Dick Bove, a high-profile banking analyst, was feeling contrite. For years, Bove, a regular on CNBC, has been arguing for the rollback of regulations imposed after the 2008 financial collapse.
“But lately I’ve been trying to figure how regulation has hurt the banking industry,” Bove confessed in an interview last spring. “And I’m having a lot of trouble coming up with an answer.”
This week, the Senate considers the Economic Growth, Regulatory Relief, and Consumer Protection Act, a bill that represents the greatest threat to the Dodd-Frank financial reform law since its passage in 2010. The bill would relieve all but the country’s largest dozen banks of increased scrutiny and ease mortgage rules imposed after the financial crisis. It would undermine fair lending rules designed to counteract race discrimination and weaken the Volcker rule, which limits a bank’s ability to make speculative trades with federally insured deposits. The arguments that Bove has been making publicly for years are the same specious ones being offered by the bill’s co-sponsors, and the trade groups calling for a rollback of banking regulations: Banks are suffering and so, by extension, are consumers, businesses, and the economy at large.
“When you take a close look,” Bove says now, “it’s really hard to argue that regulation harmed the banking industry.” Bank earnings have gone up every year since 2010, according to data from the Federal Deposit Insurance Corporation, and soared more recently. “In 2014, and again in 2015 and 2016, bank earnings hit all-time records,” Bove said. “Loan volume, which was obviously lousy at the beginning of this period, picked up substantially in 2014, 2015, and 2016.”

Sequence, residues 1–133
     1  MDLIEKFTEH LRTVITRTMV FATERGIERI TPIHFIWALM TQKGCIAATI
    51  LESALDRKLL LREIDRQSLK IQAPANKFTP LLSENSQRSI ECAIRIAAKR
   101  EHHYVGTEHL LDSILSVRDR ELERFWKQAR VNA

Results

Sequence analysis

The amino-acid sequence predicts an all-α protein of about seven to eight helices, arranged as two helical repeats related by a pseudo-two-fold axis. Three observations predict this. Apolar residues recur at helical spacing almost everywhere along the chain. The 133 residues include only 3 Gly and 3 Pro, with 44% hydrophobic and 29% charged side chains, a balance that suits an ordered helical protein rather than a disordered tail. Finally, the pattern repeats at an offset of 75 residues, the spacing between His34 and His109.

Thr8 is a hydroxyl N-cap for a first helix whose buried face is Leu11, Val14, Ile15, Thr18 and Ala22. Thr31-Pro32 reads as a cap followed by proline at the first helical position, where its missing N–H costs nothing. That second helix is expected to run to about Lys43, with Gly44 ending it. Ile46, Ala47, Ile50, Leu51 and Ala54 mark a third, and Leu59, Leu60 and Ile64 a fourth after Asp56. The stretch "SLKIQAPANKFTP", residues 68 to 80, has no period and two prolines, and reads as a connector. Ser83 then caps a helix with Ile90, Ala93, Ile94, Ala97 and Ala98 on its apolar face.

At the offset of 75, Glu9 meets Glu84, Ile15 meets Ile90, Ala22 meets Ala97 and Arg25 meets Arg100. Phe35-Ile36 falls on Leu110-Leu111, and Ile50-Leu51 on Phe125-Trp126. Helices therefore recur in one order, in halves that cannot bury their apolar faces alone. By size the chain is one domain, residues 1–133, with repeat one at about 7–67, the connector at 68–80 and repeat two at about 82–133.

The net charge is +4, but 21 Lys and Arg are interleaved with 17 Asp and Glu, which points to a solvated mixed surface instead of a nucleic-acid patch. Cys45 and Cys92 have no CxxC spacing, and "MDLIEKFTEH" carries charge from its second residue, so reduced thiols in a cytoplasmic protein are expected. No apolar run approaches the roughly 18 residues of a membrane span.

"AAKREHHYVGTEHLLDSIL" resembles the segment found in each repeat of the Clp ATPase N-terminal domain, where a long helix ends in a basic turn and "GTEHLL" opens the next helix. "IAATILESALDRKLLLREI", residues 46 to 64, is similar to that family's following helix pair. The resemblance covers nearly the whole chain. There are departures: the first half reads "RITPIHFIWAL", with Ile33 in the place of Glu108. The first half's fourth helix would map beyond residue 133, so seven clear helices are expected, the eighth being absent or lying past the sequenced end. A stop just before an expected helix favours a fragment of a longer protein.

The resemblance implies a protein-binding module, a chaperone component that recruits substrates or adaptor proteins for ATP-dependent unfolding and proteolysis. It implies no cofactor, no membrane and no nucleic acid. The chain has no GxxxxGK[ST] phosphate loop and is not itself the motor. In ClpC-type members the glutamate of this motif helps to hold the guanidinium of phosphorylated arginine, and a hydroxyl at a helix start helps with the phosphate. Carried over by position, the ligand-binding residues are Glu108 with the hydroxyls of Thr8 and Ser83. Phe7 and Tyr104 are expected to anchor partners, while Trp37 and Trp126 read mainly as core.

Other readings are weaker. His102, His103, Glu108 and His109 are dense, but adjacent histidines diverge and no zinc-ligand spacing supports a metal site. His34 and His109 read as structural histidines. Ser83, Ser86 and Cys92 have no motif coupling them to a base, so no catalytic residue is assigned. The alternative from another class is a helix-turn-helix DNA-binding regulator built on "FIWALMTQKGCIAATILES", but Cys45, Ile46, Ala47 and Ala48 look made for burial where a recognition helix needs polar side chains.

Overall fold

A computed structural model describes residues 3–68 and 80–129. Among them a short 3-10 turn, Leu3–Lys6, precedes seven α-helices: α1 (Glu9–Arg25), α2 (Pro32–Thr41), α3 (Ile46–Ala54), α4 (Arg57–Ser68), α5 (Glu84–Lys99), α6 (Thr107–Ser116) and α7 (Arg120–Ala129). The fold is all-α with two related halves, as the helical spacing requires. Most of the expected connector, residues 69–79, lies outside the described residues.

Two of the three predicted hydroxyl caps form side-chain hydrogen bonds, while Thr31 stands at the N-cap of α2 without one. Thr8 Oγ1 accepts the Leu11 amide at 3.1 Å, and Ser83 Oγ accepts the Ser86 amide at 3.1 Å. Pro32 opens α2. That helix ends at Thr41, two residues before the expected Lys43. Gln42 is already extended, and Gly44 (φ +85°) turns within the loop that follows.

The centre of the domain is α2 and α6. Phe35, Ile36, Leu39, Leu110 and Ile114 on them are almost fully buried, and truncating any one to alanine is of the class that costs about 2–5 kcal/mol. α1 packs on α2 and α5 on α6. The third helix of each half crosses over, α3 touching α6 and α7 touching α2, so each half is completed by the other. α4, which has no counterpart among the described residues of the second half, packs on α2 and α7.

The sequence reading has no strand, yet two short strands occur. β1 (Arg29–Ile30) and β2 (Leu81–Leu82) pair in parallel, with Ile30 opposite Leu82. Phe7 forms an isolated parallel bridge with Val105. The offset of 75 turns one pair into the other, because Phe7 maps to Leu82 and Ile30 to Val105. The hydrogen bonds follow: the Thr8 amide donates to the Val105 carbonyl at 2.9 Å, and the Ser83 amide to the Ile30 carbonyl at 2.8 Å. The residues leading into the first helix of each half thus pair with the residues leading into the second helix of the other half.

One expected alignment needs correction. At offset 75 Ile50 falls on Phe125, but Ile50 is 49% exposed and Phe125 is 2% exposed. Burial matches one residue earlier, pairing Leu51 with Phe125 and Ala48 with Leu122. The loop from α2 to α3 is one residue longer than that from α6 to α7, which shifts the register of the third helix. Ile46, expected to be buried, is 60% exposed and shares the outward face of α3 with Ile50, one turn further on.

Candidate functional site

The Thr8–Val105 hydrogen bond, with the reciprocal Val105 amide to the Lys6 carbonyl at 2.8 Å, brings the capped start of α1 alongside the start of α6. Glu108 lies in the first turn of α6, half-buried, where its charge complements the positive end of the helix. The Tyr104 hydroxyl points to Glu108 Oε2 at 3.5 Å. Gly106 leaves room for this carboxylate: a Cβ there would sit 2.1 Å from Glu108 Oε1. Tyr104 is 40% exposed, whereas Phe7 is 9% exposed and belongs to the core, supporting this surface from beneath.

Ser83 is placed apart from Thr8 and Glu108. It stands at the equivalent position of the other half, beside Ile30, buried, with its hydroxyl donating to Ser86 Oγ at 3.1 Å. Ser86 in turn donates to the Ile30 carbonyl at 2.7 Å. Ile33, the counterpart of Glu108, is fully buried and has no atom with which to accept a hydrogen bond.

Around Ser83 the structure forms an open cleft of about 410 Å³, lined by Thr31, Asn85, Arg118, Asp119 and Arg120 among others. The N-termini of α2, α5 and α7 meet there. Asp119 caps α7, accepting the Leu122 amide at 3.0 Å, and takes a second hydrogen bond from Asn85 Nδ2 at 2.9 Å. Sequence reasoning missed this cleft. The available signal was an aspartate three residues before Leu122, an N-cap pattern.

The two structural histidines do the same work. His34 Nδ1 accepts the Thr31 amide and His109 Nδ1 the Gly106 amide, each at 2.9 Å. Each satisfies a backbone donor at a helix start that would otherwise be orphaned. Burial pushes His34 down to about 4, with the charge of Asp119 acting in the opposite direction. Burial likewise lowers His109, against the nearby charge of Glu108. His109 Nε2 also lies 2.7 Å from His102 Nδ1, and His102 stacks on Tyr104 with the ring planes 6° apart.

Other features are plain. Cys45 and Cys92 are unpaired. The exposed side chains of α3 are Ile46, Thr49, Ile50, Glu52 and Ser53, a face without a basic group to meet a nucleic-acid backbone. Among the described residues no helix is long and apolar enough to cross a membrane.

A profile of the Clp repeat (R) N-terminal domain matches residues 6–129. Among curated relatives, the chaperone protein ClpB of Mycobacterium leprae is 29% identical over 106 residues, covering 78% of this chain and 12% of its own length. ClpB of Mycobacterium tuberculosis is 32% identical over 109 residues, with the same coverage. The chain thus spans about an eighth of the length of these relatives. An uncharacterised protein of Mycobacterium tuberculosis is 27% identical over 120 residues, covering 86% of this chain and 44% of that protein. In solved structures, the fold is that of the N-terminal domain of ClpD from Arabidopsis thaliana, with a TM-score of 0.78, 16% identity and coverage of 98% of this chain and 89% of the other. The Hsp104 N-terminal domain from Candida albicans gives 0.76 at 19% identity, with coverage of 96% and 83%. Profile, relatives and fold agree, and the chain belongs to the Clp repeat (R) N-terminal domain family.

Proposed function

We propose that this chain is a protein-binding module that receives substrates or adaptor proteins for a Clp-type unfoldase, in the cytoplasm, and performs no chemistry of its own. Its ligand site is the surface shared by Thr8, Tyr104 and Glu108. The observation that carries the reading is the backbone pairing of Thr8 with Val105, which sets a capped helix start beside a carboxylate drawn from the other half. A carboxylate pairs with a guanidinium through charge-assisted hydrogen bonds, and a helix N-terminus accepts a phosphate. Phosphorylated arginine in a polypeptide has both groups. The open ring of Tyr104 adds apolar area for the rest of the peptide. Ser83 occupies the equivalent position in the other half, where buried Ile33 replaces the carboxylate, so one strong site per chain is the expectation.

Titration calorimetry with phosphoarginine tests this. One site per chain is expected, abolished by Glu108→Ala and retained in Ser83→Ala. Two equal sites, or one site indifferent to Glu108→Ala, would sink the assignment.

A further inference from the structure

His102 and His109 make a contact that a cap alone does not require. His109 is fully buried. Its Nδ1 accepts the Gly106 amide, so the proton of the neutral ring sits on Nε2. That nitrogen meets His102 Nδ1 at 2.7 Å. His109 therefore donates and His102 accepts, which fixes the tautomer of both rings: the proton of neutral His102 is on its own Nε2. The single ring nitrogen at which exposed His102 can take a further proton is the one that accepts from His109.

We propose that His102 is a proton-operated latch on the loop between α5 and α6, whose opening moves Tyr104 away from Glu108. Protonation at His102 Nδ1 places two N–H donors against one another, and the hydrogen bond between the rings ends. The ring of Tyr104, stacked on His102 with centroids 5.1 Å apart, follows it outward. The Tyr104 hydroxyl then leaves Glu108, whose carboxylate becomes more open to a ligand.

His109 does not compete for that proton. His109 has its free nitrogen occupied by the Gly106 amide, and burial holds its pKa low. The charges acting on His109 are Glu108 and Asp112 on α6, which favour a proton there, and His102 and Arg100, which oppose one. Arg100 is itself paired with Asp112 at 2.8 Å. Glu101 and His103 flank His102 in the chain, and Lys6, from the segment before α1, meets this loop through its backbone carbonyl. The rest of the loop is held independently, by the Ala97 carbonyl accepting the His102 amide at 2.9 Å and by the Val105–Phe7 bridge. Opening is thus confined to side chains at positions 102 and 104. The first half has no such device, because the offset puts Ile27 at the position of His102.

Not that many inside the Beltway seem to care. To the extent pundits are talking about the bill, it’s to hail a rare show of bipartisanship. A dozen moderate Democrats are listed among the co-sponsors of what insiders refer to simply as the Crapo bill, after its main sponsor, Mike Crapo, R-Idaho, chair of the Senate Banking Committee.
“I don’t think that if you’re really thinking about the vast majority of Americans, you decide that your very first bipartisan bill is one that deregulates some of the biggest banks in the country,” said Dennis Kelleher, president of Better Markets, which pushes for tighter regulation of financial institutions. “But let’s take a step back and ask why there’s a bill at all. They’re saying, ‘We need ‘regulatory relief.’ How could you need regulatory relief if lending profits and every other metric you can look are at or approaching historic highs?”